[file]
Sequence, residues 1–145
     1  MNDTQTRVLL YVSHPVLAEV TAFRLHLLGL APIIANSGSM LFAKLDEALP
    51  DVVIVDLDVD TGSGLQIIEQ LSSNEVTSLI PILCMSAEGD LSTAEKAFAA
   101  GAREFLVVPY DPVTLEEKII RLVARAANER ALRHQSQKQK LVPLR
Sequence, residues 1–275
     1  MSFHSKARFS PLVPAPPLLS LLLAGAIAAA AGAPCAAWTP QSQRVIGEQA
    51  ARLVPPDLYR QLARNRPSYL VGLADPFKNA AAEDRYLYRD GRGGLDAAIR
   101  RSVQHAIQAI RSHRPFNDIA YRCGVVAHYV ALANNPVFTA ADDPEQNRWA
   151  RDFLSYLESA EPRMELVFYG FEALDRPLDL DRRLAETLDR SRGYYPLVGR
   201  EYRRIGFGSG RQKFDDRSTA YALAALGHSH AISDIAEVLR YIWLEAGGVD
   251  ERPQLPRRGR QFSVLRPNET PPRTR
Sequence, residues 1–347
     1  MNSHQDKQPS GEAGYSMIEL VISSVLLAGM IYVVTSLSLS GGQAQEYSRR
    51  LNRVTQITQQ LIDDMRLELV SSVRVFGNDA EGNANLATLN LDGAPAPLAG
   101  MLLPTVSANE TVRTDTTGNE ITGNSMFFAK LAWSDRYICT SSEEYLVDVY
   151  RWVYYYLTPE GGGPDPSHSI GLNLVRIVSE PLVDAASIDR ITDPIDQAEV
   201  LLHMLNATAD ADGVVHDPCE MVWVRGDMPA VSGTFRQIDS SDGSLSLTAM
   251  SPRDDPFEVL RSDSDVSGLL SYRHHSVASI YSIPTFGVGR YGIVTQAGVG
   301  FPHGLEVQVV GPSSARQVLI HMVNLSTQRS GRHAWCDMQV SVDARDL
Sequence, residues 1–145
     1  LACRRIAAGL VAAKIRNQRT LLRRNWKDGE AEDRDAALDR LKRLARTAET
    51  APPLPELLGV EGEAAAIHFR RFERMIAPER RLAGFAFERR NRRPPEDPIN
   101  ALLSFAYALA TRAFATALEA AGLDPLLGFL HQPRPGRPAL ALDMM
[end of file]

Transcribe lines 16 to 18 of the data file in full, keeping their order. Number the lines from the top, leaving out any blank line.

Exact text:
   151  RWVYYYLTPE GGGPDPSHSI GLNLVRIVSE PLVDAASIDR ITDPIDQAEV
   201  LLHMLNATAD ADGVVHDPCE MVWVRGDMPA VSGTFRQIDS SDGSLSLTAM
   251  SPRDDPFEVL RSDSDVSGLL SYRHHSVASI YSIPTFGVGR YGIVTQAGVG